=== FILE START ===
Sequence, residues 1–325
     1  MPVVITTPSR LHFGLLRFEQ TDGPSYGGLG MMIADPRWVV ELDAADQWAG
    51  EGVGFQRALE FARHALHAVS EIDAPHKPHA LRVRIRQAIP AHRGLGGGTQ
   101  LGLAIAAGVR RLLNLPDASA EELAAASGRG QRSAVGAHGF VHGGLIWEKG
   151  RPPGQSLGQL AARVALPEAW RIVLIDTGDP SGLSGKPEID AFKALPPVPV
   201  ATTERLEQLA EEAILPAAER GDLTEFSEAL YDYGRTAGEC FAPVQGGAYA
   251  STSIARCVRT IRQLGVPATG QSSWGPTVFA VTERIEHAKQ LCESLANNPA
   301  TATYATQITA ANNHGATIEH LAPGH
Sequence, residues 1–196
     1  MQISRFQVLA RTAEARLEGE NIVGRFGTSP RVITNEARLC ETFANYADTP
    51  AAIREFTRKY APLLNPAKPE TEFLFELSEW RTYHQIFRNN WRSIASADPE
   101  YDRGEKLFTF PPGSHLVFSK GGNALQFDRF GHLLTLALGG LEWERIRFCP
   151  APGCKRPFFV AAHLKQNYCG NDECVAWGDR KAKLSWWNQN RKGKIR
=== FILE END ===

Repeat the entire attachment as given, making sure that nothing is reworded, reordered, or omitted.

Sequence, residues 1–325
     1  MPVVITTPSR LHFGLLRFEQ TDGPSYGGLG MMIADPRWVV ELDAADQWAG
    51  EGVGFQRALE FARHALHAVS EIDAPHKPHA LRVRIRQAIP AHRGLGGGTQ
   101  LGLAIAAGVR RLLNLPDASA EELAAASGRG QRSAVGAHGF VHGGLIWEKG
   151  RPPGQSLGQL AARVALPEAW RIVLIDTGDP SGLSGKPEID AFKALPPVPV
   201  ATTERLEQLA EEAILPAAER GDLTEFSEAL YDYGRTAGEC FAPVQGGAYA
   251  STSIARCVRT IRQLGVPATG QSSWGPTVFA VTERIEHAKQ LCESLANNPA
   301  TATYATQITA ANNHGATIEH LAPGH
Sequence, residues 1–196
     1  MQISRFQVLA RTAEARLEGE NIVGRFGTSP RVITNEARLC ETFANYADTP
    51  AAIREFTRKY APLLNPAKPE TEFLFELSEW RTYHQIFRNN WRSIASADPE
   101  YDRGEKLFTF PPGSHLVFSK GGNALQFDRF GHLLTLALGG LEWERIRFCP
   151  APGCKRPFFV AAHLKQNYCG NDECVAWGDR KAKLSWWNQN RKGKIR